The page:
In Motorola, Inc. v. United States, (slip op. 06-165), the issue was whether 900 bypass entries or pre-classification rulings constitute "treatment" for purposes of 1625. If so, Customs should have engaged in the 1625 notice and comment process before issuing a ruling changing the classification in a way unfavorable to Motorola. The Court does a very thorough, well-reasoned analysis finding that bypass entries are not a treatment triggering section 1625.
The regulations (19 CFR 177.12(c)(2)(ii)) state the following:
The Court found that bypass entries are processed expeditiously for purposes of facilitating commerce. Consequently, the burden was on Motorola to show that real review occurred and that the exception does not apply. Unfortunately, the Court did not find Motorola's evidence of review compelling and found that bypass does not constitute treatment.
The determination of whether the requisite treatment occurred will be made by Customs on a case-by-case basis and will involve an assessment of all relevant factors. In particular, Customs will focus on the past transactions to determine whether there was an examination of the merchandise (where applicable) by Customs or the extent to which those transactions were otherwise reviewed by Customs to determine the proper application of the Customs laws and regulations. For purposes of establishing whether the requisite treatment occurred, Customs will give diminished weight to transactions involving small quantities or values, and Customs will give no weight whatsoever to informal entries and to other entries or transactions which Customs, in the interest of commercial facilitation and accommodation, processes expeditiously and without examination or Customs officer review . . . .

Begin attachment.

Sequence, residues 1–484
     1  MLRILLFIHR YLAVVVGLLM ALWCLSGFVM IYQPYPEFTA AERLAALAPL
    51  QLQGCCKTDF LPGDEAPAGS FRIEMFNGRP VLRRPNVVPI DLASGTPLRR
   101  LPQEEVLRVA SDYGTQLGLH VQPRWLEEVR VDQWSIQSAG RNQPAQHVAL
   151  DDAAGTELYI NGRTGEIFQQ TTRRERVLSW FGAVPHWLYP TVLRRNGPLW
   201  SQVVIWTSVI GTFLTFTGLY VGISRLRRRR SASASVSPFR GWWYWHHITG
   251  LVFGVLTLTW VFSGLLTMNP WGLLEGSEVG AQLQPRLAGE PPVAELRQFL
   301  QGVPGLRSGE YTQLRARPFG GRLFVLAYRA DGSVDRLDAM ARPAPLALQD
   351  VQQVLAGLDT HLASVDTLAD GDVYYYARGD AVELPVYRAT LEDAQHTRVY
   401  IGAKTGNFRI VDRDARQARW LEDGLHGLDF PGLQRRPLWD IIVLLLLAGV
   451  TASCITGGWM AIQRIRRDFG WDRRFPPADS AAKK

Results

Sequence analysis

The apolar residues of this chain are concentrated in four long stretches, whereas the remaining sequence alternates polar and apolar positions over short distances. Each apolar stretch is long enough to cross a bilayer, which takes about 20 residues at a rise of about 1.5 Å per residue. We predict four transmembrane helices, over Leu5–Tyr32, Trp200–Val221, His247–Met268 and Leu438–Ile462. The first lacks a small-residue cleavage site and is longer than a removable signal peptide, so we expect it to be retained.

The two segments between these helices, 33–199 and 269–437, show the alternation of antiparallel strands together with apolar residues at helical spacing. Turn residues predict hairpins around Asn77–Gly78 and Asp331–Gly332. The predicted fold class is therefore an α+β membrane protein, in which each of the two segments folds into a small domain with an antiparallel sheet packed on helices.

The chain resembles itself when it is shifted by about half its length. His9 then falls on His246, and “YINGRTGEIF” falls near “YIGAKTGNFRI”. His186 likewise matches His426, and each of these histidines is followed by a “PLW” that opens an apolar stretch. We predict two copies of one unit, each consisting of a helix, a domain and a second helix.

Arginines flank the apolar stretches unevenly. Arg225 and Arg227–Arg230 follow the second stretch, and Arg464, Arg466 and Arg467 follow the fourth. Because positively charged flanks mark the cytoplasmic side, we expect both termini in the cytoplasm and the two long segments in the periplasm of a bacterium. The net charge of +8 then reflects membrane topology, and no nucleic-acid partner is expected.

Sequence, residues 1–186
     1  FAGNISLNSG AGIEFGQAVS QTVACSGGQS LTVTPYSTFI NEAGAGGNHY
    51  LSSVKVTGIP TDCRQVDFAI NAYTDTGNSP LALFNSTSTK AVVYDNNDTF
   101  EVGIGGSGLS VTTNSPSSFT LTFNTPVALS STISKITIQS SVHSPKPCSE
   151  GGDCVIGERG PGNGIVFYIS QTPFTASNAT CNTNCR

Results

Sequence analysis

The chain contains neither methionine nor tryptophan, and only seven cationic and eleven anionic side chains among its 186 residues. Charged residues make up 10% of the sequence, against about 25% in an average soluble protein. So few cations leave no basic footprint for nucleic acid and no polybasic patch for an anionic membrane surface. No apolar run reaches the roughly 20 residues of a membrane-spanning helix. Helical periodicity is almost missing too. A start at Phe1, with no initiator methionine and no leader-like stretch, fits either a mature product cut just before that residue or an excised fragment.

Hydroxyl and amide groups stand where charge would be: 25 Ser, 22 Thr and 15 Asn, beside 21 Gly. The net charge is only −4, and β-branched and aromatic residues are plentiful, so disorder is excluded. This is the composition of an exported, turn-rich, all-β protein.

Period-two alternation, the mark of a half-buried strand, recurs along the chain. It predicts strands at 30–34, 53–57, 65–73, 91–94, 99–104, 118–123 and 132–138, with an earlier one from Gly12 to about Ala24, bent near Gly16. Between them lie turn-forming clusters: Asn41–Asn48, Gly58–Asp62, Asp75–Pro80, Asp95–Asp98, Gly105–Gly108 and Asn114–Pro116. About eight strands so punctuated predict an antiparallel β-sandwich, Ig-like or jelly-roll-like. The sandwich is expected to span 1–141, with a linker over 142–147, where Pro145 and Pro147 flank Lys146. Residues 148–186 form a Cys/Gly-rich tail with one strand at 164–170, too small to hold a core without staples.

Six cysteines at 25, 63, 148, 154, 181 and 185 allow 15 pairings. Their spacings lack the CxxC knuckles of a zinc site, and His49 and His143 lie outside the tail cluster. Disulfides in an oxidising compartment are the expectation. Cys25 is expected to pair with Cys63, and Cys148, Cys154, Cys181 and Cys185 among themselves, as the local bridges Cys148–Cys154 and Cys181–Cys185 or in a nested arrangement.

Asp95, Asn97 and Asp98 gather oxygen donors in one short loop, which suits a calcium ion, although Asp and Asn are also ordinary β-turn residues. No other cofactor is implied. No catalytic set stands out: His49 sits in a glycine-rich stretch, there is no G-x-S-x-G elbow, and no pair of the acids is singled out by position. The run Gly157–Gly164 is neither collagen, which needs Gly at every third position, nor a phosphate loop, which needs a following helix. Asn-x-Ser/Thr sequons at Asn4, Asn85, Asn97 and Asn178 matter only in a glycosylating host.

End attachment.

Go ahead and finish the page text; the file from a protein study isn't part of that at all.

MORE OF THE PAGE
But, there was another possibility for Motorola, and this is where things got more complicated for me. The second question was whether two pre-class rulings constitute treatment. Here, the Court started with the premise that the PRLs, which it called interpretive rulings, do not constitute prior interpretive rulings or decisions for purposes of 1625(c)(1). Thus, they can only trigger notice and comment if they are treatments for purposes of 1625(c)(2).
The reason for this oddness is that the CIT previously held, and no one contested on appeal, that PRLs do not trigger 1625 notice and comment because they only apply to the same merchandise and not to other merchandise even if substantially identical. So, 1625(c)(1) was off the table and Motorola's only chance was to find a 1625(c)(2) treatment.
No such luck. The problem for the Court was that it could not (in its judgment) consider interpretive rulings as treatments under (c)(2) when there is a specific provision for them in (c)(1). That would make (c)(1) redundant, and that is against the lawyer rules for reading statutes. For proof, poke around on the sadly apparently defunct Statutory Construction blog.